• When Cobb and Mal (Marion Cotillard) were in limbo they were there for about 50 years and grew old together.  But after he did the inception on Mal and they laid down on the train tracks to kill themselves/wake up and they were young. I don’t understand that.  If they were in limbo until they were old wouldn’t they have been old when they killed themselves?  Some people say it’s a plot hole but I think it’s way too big for it to be a plot hole.  Some people say it was Cobb’s dream. What do you think?
  • In the first layer of Fischer’s dream, when Eames (Tom Hardy) tells Arthur something like “You gotta dream bigger” and pulls out the bigger gun, did he think that into existence?  Is it because he’s a forger?  If so why wouldn’t he think up all sorts of weapons to use against the projection army?  Or did he just think it was a witty line and he had the gun the whole time?
  • When Cobb woke up from the chemically induced sleep by Yusuf (Dileep Rao) he’s in the bathroom splashing his face and drops his totem (the top) and  Saito (Ken Watanabe) picks it up.  Now if you remember in the scene with Ariadne (Ellen Page) and Arthur (Joseph Gordon-Levitt), Arthur tells her not to let anyone touch her totem because only she can be aware of its weight.  So since Saito touched Cobb’s totem does it lose its value?
  • Also the top wasn’t Cobb’s totem, it was Mal’s, so does it even work for Cobb?
  • If the dream they enter at the end of the film belongs to Fisher Jr., then why does Cobb enter the limbo he built with his wife? Shouldn’t it be Fisher Jr.’s limbo?
  • Why is Saito old in limbo and Cobb is young? Yes Saito was in there longer than Cobb but it seems if Saito is that old then Cobb should have aged more right?

What would your totem be?

After discussion with my friends on what our totem would be I decided mine would be pink lipstick, I’d change the weight of it somehow like Ariadne did with her chess piece.  I picked lipstick because whenever I set foot in Sephora I end up with a lot less money than when I walked in, and pink because, well, I love PINK! Leave a comment below on what your totem would be and why?

Also check out me and Otakus & Geeks discuss Inception here on this podcast.


  1. ohh baby! good review! after watching the movie twice in theaters I am a huge fan of the notion that Mal is actually the protagonist trying to save Cobb from his own subconscious, that has spawned its own meticulously detailed existence. lol here are some of my attempts to answer your questions, with my own theories. doubt they are right, but this is what I’ve come to think:

    ~because it was limbo, where time can be the biggest illusion of all, Cobb and Mal only grew old because they immersed themselves in the dream and lived a life (even if that life was only lived in the mind). when Cobb planted the idea in Mal’s subconscious that it wasn’t real, the notion of being older could possibly cease and they reverted back to their self projections (i.e. how Neo always saw himself in the Matirx)
    ~i think because of the comic relief relationship spent going at each other with wits, that was just Eames way of being awesomely smooth. but because the dream was so thoroughly planned out and architized(i love making up words!)i think he just planned on having that from the beginning…but that one has the least evidence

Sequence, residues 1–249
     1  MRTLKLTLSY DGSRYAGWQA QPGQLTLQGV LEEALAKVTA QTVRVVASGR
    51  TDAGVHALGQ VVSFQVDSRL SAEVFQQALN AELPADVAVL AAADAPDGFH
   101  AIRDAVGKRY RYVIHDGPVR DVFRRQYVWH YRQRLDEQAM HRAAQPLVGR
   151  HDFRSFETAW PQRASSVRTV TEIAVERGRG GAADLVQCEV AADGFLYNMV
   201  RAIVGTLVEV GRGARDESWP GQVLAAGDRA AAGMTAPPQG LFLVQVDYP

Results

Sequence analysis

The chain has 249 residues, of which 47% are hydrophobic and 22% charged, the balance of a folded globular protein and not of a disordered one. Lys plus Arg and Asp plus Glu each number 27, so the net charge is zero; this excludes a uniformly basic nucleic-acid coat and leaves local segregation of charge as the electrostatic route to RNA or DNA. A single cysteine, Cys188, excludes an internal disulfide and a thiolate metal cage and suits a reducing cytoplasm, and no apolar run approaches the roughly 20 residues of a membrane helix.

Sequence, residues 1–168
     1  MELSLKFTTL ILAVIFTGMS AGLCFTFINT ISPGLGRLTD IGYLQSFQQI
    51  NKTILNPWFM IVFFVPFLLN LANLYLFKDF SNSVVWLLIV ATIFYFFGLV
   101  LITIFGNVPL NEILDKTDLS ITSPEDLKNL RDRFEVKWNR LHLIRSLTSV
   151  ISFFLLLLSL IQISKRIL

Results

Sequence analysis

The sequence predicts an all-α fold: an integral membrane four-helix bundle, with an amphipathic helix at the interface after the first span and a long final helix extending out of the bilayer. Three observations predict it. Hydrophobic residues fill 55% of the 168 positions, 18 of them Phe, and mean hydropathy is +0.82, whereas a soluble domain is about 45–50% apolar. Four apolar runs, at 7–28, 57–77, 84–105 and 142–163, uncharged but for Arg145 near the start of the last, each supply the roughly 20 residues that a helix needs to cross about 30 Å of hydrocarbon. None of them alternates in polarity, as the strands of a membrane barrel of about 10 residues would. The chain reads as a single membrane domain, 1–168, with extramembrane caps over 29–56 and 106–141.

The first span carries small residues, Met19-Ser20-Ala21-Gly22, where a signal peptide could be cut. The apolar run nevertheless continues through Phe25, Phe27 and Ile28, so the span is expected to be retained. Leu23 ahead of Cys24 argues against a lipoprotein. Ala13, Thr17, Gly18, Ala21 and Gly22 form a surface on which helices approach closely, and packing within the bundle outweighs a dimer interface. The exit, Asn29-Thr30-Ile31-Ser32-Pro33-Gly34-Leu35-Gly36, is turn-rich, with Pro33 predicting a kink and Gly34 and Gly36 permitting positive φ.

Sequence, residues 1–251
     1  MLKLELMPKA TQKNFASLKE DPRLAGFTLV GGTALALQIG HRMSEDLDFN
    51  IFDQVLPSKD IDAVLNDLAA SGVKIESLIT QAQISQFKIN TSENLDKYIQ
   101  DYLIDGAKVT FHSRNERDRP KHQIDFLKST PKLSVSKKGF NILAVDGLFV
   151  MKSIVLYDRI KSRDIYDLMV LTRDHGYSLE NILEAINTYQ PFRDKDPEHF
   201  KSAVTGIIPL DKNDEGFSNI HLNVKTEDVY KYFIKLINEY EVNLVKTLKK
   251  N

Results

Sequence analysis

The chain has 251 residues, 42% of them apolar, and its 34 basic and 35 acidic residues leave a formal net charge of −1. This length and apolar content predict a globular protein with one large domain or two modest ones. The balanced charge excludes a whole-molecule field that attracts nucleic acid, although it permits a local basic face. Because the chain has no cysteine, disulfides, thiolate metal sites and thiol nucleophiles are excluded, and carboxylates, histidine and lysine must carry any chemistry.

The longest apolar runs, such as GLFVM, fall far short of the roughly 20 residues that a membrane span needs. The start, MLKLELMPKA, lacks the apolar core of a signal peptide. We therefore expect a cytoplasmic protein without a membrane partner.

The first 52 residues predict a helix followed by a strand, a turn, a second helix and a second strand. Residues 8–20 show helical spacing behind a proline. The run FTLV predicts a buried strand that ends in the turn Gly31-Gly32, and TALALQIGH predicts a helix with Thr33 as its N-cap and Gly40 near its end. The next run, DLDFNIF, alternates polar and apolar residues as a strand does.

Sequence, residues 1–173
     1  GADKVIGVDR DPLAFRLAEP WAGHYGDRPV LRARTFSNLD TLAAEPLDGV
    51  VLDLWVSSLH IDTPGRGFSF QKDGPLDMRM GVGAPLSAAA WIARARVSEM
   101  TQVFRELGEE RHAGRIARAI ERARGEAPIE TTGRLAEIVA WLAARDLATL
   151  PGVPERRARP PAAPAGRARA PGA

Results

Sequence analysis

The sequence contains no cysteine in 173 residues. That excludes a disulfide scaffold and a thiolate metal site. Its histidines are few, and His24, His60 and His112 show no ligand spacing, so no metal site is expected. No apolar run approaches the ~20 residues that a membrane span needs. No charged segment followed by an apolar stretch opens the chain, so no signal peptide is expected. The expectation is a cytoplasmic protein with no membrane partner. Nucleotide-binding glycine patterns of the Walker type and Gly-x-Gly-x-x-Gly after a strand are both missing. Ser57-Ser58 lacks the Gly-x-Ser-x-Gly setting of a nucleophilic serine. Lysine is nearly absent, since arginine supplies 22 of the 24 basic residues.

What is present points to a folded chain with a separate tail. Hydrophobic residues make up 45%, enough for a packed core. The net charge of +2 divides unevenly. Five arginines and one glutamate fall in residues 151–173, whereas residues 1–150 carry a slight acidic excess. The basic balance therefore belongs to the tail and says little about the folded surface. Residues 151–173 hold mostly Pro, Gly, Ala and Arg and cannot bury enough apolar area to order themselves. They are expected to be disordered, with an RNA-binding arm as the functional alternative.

~also my whole notion of Cobb’s totem, was literally thrown upside down, when i realized he had touched it BEFORE Mal died and not after. if it had been after, then Cobb could have used it in theory because Mal wouldn’t share the dream from a real standpoint in order to contradict the totems purpose. however since he touched it in order to plant that idea, its value might have changed.or at least i think so. which is why i think that it is all a spawn of Mal’s inception on Cobb, and that his belief that when the totem falls (putting him in reality) is actually opposite and and he cant realize. its a stretch lol, but i like it.
    ~Arthur also answers that question, as he does A LOT of things in the film. the reason their in Cobb’s limbo is because limbo is shared between the dreamers, and since Cobb has been there, his limbo remains most prevalent
    ~AND FINALLY lol, i have the same question about the age thing as you do!
    but i think the strongest evidence to suggest the film at least ends in the dream is that the kids had on the SAME DAMN CLOTHES, and did not age..or even change positions for that matter. you would think they have that nice big house, could we possibly play some else?! lol but yes that is my rant about one of my new favorite movies. #thatisall


    1. This comment is a post in itself! lol But I’m glad you liked the post! So I am also leaning towards the Mal’s dream theory as well for the reasons you stated. But then I’m left wondering if Mal is trying to wake up Cobb b/c he’s stuck in this dream world he thinks is real, why would she want him to stay in limbo with her? Wouldn’t she be trying to wake him up? She’s like Cobb honey your life is all a dream, this isn’t real, but stay here in limbo land with me. Umm… ??? BUT I also really like that concept of Mal’s dream because even though she fails at getting him to realize it’s all a dream, at the end he sees his kids again and can live a happy dream life with his children now unknowingly in a dream world. Even though it is a dream, how much does that even matter if you believe it’s real?